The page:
Nigeria?s tourism and hospitality industry might overtake the downstream sector by 2021 if the recently launched African Union (AU) passport is adopted by the country?s legislators, Country Manager, Jumia Travel Nigeria, Kushal Dutta, has said.
According to Dutta, the Pan-African passport will allow free movement of domestic tourists into the country, thereby raising the profile and potential of the country?s tourism and hospitality industry to become an alternative to boosting the economy.
He explained that the opportunities presented by the unified African passport supersede the threats, especially now that Nigeria?s mainstay which is oil, might not be sufficient to grow the economy; if the country?s Sustainable Development Goals (SDGs) are to be achieved.
Indeed, the African Union had noted that the flagship project has the specific aim of facilitating free movement of persons, goods and services around the continent ? in order to foster intra-Africa trade, integration and socio-economic development.
Although, stakeholders in Nigeria noted that while the initiative remains laudable, it poses a great threat and challenge to the country due to the high infrastructural gap and huge cost of doing business, Dutta explained that that the reality of the dwindling oil prices as a result of the fall in foreign exchange is now being felt across all sectors and as such, diversification opportunities should be explored.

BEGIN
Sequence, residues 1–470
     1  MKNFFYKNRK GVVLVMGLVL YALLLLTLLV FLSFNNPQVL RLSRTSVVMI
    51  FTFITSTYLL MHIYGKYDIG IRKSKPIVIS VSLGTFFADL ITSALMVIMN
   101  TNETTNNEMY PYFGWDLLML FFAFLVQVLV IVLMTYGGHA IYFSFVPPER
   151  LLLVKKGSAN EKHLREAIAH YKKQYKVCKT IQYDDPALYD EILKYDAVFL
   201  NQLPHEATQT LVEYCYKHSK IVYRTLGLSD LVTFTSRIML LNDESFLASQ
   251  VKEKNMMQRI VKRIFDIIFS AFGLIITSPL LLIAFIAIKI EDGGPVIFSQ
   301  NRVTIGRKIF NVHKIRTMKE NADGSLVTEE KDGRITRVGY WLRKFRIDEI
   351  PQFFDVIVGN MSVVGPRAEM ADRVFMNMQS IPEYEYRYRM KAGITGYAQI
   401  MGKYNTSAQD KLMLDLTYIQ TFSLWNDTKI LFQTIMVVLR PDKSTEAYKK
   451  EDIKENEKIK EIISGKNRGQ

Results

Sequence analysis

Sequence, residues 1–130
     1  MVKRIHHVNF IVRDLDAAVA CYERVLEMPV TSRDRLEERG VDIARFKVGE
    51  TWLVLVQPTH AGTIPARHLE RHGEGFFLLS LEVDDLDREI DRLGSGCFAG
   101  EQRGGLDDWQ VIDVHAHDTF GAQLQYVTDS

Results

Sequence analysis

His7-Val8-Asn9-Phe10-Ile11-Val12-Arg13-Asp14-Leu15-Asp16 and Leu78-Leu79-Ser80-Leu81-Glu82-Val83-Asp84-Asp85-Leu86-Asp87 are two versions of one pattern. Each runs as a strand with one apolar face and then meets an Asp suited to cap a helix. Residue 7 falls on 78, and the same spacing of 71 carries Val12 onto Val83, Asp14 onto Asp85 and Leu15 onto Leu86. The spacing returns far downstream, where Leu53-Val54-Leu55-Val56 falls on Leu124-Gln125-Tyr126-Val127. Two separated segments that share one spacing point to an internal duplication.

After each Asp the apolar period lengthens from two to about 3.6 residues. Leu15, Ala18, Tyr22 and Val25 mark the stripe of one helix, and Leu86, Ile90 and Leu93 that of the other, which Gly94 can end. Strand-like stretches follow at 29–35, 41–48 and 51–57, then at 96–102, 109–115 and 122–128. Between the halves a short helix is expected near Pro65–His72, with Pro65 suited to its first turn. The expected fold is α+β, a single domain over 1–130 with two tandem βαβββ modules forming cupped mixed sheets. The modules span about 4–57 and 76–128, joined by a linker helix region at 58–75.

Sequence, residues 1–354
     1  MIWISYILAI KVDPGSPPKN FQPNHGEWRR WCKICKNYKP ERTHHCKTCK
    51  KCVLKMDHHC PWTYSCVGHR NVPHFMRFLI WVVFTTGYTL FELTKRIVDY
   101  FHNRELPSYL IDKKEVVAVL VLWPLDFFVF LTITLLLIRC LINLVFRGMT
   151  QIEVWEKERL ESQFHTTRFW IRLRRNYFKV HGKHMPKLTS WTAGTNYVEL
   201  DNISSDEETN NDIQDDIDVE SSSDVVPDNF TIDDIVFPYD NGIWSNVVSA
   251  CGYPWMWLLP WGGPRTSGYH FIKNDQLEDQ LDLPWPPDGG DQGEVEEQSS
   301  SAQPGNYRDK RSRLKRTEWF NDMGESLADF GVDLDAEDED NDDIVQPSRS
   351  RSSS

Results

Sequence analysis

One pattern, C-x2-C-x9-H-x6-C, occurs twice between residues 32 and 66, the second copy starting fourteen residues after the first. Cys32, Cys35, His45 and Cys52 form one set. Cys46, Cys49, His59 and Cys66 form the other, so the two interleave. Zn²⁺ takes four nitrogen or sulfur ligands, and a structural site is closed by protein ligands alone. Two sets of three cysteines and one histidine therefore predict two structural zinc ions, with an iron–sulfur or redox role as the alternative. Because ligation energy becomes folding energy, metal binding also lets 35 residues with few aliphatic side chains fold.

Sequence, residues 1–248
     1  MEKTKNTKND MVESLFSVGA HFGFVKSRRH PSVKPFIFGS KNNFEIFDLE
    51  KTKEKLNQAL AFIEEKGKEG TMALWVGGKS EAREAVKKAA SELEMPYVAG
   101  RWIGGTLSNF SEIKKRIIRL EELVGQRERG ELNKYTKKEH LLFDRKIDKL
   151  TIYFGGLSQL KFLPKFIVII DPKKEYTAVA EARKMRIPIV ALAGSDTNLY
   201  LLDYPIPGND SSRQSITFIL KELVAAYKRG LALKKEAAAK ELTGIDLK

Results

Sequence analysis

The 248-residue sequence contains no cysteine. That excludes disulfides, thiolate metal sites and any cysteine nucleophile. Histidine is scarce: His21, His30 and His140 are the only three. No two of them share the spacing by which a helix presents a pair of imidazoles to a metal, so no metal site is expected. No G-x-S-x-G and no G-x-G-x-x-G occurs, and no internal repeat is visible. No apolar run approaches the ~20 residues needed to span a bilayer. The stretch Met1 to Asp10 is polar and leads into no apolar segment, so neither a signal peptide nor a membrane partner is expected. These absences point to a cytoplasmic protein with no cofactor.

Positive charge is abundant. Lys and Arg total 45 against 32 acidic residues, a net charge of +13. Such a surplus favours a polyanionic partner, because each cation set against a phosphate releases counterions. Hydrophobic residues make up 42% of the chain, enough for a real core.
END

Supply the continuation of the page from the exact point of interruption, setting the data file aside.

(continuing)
?In Nigeria, industry leaders have highlighted the hospitality industry among the sectors with the most opportunities for growth in the next five years. Breaking the barrier of free travel for other African countries to come to Nigeria is a potent way of enhancing the growth of the hospitality industry. Although, there is no gainsaying that the unified AU passport will also have some demerits such as unmonitored inflow of migrants and perhaps criminals from one country to another,? he said.
Kushal also touched on the opportunities the AU passport will bring for the African continent, stating that, there will be an increase in domestic tourism in the continent and this will pave way for increase in job creation.
He cited the 2015 report on Travel and Tourism Industry in Africa which indicated that the industry generated approximately 9 million jobs directly (3.0 per cent of total employment) and a growth forecast of 0.3 per cent in 2016 (2.9 per cent of total employment), including employment by hotels, restaurants, travel agents and airlines among others.
It is predicted that by 2026, the industry will account for about 11.7 million jobs directly in Africa ? an increase of 2.5 per cent yearly over the next decade.It will be recalled that the United Nations World Tourism Organisation (UNWTO) recently rolled out a number of measures, including technical assistance, capacity building and the revision of the country?s Tourism Master Plan, as part of efforts to ensure the development of tourism in Nigeria.